Prince Harry and his wife Meghan's unilateral decision to walk away from front-line royal duties leaves the British monarchy's future wobbling.
It also piles the pressure on his brother Prince William, who, along with his wife Kate, will have to shoulder more of the burden of representing the institution to a younger generation.
Harry, 35, and Meghan, 38, the Duke and Duchess of Sussex, were set to become an increasingly important cornerstone of the monarchy in the decades to come.
But their shock decision to step back from being senior royals throws all that up in the air.
Queen Elizabeth II is 93 and it has long been signalled that when her eldest son Prince Charles inherits the throne, he wants a slimmed-down monarchy tightly focused on him, his wife Camilla, his sons William and Harry and their children.
Harry's role was meant to be as a rock of support to William as he in turn becomes heir to the throne, prince of Wales and eventually king.
The two brothers were exceptionally close growing up, together coming through the death of their mother Diana, princess of Wales, in a 1997 car crash when William was 15 and Harry 12.
But Harry's determination to go his own way with Meghan has seen the brothers -- at Harry's own admission -- drift apart.
While William is a cautious character, Harry is combustible and prone to impulse.
Harry's announcement that he and Meghan will step back, rip up relations with the media, partially relocate to North America and seek a private income -- without having consulted Queen Elizabeth or Charles first -- will have done little to diminish his hothead reputation.
And the monarchy has traditionally been ruthless in cutting loose rogue royals to ensure the institution's survival.
King Edward VIII chose to abdicate in 1936 in order to marry twice-divorced US socialite Wallis Simpson. They lived the rest of their lives in exile in France.
In 1996, Diana was stripped of the title "her royal highness" when she divorced Charles, as was Sarah when she divorced Prince Andrew, Queen Elizabeth's second son.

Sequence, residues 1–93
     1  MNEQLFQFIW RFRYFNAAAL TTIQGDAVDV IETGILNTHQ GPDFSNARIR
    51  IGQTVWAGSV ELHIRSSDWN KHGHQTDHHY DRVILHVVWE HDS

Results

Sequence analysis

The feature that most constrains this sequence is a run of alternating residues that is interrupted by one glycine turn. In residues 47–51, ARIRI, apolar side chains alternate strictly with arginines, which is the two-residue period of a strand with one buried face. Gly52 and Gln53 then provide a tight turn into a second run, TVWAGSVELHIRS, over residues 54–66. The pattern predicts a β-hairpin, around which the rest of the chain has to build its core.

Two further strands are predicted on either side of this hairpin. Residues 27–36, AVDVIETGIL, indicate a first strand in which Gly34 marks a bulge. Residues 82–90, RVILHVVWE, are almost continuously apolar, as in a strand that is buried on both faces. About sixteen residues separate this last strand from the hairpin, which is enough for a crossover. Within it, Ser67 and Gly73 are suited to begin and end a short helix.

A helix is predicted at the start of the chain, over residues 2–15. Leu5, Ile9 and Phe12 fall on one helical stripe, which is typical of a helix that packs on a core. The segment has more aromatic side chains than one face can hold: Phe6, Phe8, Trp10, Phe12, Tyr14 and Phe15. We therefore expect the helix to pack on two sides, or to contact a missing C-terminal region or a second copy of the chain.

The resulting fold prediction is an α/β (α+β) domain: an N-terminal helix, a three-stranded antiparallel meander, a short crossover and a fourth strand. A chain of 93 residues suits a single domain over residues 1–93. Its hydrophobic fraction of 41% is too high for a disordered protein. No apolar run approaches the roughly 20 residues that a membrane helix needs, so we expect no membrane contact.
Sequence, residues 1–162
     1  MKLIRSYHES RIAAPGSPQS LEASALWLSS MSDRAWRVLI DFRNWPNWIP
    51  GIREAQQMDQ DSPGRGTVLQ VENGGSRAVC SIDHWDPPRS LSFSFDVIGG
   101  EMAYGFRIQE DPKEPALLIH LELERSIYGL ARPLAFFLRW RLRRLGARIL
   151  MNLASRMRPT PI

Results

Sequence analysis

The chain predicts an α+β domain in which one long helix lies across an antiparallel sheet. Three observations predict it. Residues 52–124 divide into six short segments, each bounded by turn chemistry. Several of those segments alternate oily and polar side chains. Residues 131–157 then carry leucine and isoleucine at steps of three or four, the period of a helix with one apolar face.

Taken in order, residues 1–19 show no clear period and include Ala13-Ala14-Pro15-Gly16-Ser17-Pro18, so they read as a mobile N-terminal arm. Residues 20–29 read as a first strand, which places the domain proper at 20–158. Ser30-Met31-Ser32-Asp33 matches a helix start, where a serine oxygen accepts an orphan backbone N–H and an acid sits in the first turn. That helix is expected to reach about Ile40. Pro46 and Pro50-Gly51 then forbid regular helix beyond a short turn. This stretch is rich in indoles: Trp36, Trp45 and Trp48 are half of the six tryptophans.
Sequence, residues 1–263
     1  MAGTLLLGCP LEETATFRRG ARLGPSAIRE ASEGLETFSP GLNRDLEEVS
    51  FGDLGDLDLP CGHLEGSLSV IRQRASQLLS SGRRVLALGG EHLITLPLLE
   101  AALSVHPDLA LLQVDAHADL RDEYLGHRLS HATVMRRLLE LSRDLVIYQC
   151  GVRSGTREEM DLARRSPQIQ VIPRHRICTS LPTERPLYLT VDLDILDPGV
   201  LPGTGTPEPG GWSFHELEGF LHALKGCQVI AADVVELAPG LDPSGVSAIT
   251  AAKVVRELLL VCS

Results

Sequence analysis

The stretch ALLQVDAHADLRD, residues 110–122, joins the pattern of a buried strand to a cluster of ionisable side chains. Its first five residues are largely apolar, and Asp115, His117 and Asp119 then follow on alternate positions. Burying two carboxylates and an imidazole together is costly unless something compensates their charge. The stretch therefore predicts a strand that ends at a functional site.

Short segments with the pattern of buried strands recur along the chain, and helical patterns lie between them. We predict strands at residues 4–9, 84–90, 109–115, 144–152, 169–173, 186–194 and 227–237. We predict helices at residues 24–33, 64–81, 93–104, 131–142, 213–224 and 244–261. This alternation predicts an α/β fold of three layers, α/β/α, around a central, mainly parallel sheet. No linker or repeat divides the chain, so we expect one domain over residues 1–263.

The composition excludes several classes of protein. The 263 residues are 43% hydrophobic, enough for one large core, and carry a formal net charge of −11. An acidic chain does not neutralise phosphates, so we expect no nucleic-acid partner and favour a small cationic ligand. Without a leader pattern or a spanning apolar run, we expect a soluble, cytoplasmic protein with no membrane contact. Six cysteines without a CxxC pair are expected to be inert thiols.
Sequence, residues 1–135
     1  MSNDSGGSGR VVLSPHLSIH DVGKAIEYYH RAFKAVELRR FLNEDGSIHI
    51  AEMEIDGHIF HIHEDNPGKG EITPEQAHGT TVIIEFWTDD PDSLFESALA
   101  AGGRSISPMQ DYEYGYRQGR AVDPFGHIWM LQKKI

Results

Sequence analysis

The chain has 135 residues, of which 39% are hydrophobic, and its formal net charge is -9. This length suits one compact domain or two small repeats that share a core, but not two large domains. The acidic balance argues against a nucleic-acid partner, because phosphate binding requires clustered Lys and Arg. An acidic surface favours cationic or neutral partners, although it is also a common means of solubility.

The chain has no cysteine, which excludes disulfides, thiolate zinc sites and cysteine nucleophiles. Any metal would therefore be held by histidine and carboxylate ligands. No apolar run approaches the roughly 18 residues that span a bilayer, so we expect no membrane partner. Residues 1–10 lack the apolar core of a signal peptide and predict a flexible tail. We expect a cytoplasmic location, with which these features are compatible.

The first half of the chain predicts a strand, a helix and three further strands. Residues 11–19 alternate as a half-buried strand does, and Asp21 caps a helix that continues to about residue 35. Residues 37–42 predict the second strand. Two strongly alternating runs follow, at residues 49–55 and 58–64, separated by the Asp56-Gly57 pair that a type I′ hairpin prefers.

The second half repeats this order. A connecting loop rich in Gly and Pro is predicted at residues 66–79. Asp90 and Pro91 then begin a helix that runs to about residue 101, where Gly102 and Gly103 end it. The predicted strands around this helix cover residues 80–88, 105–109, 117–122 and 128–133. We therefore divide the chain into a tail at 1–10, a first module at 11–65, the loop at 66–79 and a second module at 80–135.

Andrew himself was forced to cut all royal duties for the for the foreseeable future in November last year, following a bungled television interview on his relationship with convicted US sex offender Jeffrey Epstein.
During Queen Elizabeth's long reign, she ran affairs of state while her husband Prince Philip, the royal patriarch, ran the family.
But he retired in 2017 and at 98 now spends most of his time at Sandringham, the sovereign's private estate in eastern England.
A naval officer, he liked to run a tight ship and the Windsors might be missing his pragmatic, no-nonsense approach to ironing out the family's problems.
A successful television actress and activist, Meghan was initially seen as a breath of fresh air for the royal family when her engagement to Harry was announced in November 2017.
Mixed race and with a career of her own behind her, she was seen as someone who could modernise the monarchy and represent it to a new generation in multi-cultural 21st-century Britain.
It was assumed that unlike Diana, who was 19 when she got engaged to Charles, Meghan -- who married Harry aged 36 in May 2018 -- was old enough and wise enough to know what she was letting herself in for.
However, the gilded straightjacket of life within the British royal family -- governed by centuries of precedent -- seem to have left the Los Angeles former TV star cold.
"I never thought this would be easy but I thought it would be fair," she told ITV television in October, admitting that life as a new mother had been hard.
Talking of "complicated issues", Buckingham Palace's rushed brief statement on their shock announcement hinted at sympathy for their position.
But it remains to be seen whether the Sussexes' attempt to be half-in, half-out of the royal family will last long.
The track record of royals trying to earn money outside the family firm is not good.
Harry and Meghan might eventually find their pre-destined life inside the royal circle much easier than going it alone.